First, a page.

Today at Samsung’s global Unboxed event, the company unveiled the Galaxy S4. This phone represents the latest and greatest in Samsung Mobile offerings and will be the template for all high-end phones that come out between now and next year when the Galaxy S5 comes along. The homegrown apps, the extra features, and even the hardware will set the tone. Is what Samsung has to offer enticing? Is the Galaxy S4 a true leap forward or just a standard upgrade? We went hands-on to find out.
Design and Hardware
The most impressive thing about the Galaxy S4 isn’t that it has a 5-inch display, but that it fit that 5-inch display into a body that is slightly thinner, smaller, and lighter than the Galaxy S3. Putting the phone side-by-side they aren’t completely identical, though Samsung hasn’t deviated much from the previous generation’s design language. That’s just fine with us since the S4′s polycarbonate body is just as comfortable to hold as the S3′s is – maybe moreso, since it’s a little lighter and the curve on the edges is smoother. This is the kind of phone you’ll want to hold.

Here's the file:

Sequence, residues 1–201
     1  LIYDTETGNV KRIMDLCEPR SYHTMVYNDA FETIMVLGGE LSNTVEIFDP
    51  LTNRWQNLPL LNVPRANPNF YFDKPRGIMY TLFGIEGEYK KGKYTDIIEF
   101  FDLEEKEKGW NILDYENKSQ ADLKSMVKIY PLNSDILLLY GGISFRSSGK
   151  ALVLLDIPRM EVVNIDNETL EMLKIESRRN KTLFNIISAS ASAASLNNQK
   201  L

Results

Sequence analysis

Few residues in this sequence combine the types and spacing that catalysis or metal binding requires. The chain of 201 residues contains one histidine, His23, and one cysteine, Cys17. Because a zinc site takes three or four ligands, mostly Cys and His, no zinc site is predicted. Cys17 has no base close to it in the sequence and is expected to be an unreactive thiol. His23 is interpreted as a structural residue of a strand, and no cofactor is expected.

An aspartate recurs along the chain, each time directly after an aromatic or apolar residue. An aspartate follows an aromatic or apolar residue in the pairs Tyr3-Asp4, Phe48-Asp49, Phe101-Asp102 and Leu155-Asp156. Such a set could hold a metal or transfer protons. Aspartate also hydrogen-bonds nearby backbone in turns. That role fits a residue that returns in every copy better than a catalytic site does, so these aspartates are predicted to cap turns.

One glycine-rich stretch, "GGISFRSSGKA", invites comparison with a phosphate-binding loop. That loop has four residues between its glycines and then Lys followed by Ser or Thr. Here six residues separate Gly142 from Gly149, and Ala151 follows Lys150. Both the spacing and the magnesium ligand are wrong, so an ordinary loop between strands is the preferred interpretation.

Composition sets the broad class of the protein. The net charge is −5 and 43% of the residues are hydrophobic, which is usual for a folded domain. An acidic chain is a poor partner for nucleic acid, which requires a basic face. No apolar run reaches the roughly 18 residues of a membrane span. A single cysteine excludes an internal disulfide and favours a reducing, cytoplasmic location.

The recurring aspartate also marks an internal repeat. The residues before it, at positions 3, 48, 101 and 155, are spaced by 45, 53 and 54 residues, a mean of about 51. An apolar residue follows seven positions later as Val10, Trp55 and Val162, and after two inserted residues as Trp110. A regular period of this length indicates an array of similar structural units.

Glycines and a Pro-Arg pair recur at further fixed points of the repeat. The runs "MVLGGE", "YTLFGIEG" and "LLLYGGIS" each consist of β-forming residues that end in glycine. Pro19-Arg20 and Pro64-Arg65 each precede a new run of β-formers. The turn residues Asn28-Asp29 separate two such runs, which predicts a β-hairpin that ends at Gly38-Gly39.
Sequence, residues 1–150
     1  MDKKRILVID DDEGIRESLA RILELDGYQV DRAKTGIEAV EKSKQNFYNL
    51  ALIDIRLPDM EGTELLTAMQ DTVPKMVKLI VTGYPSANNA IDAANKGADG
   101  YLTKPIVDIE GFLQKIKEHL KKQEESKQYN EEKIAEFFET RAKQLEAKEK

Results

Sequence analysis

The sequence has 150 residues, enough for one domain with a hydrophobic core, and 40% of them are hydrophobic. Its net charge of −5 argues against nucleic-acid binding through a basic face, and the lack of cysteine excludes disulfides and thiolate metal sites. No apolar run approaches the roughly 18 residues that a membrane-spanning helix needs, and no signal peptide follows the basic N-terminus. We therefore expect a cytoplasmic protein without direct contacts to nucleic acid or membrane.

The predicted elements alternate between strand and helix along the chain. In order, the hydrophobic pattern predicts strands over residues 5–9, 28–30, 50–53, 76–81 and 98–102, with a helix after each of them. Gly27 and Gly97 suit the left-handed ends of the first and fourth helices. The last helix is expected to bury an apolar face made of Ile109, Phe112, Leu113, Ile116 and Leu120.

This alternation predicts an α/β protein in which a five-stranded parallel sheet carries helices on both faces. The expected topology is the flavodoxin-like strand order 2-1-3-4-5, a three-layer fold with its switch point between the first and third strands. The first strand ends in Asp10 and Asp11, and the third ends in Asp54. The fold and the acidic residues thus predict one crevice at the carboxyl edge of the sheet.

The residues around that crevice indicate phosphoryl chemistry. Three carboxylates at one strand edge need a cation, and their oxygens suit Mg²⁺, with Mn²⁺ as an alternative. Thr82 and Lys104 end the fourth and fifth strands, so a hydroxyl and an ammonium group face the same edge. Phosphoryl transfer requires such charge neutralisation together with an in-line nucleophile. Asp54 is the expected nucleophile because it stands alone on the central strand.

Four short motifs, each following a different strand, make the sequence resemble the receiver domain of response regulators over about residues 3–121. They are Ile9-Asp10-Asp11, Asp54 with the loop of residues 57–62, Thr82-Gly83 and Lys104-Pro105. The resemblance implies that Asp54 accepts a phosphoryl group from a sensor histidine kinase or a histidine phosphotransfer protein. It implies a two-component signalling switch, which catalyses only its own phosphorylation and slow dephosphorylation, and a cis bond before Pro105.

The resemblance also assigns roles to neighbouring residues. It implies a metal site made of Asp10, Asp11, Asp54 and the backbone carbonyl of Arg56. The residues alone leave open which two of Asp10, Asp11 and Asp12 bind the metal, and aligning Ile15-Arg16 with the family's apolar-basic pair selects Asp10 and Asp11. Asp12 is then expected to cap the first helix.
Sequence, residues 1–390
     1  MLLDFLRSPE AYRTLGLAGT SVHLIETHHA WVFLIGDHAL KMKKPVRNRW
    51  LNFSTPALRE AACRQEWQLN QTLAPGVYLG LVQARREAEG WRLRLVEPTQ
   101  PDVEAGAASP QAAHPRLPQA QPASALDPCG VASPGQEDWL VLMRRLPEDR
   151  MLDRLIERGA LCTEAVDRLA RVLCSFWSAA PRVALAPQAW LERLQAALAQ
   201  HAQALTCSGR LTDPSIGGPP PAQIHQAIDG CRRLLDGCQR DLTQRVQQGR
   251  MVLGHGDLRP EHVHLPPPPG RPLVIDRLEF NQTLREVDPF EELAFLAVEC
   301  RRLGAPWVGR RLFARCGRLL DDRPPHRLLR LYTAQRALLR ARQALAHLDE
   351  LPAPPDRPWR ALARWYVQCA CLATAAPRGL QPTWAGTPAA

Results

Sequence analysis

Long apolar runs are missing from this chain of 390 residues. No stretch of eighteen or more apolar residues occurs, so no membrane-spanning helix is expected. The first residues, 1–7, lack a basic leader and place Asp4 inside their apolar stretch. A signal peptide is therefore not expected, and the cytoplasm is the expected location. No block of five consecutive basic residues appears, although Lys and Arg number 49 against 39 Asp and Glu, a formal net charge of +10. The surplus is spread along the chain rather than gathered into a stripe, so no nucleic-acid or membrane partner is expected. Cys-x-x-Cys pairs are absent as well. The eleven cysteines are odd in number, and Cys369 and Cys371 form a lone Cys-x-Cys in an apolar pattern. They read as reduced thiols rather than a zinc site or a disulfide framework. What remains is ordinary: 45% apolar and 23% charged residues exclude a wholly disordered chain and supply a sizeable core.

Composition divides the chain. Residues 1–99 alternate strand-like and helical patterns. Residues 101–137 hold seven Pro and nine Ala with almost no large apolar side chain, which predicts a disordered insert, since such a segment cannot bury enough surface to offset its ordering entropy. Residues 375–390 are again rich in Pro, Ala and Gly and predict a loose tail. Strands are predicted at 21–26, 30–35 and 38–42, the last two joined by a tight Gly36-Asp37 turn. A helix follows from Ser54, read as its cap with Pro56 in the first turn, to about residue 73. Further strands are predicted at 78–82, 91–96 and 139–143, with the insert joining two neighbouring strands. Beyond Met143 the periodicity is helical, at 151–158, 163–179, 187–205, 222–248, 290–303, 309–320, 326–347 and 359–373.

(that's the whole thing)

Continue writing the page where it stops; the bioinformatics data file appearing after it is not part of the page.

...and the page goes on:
It will also be the kind of phone you’ll want to look at. That 5-inch screen sports a Super AMOLED full HD 1080p display that is both bright and beautiful. The high pixel density makes for crisp icons and text, and you won’t be squinting to see things any more than you would on any other phone. The screen gives you a great experience when looking at images, video, and games.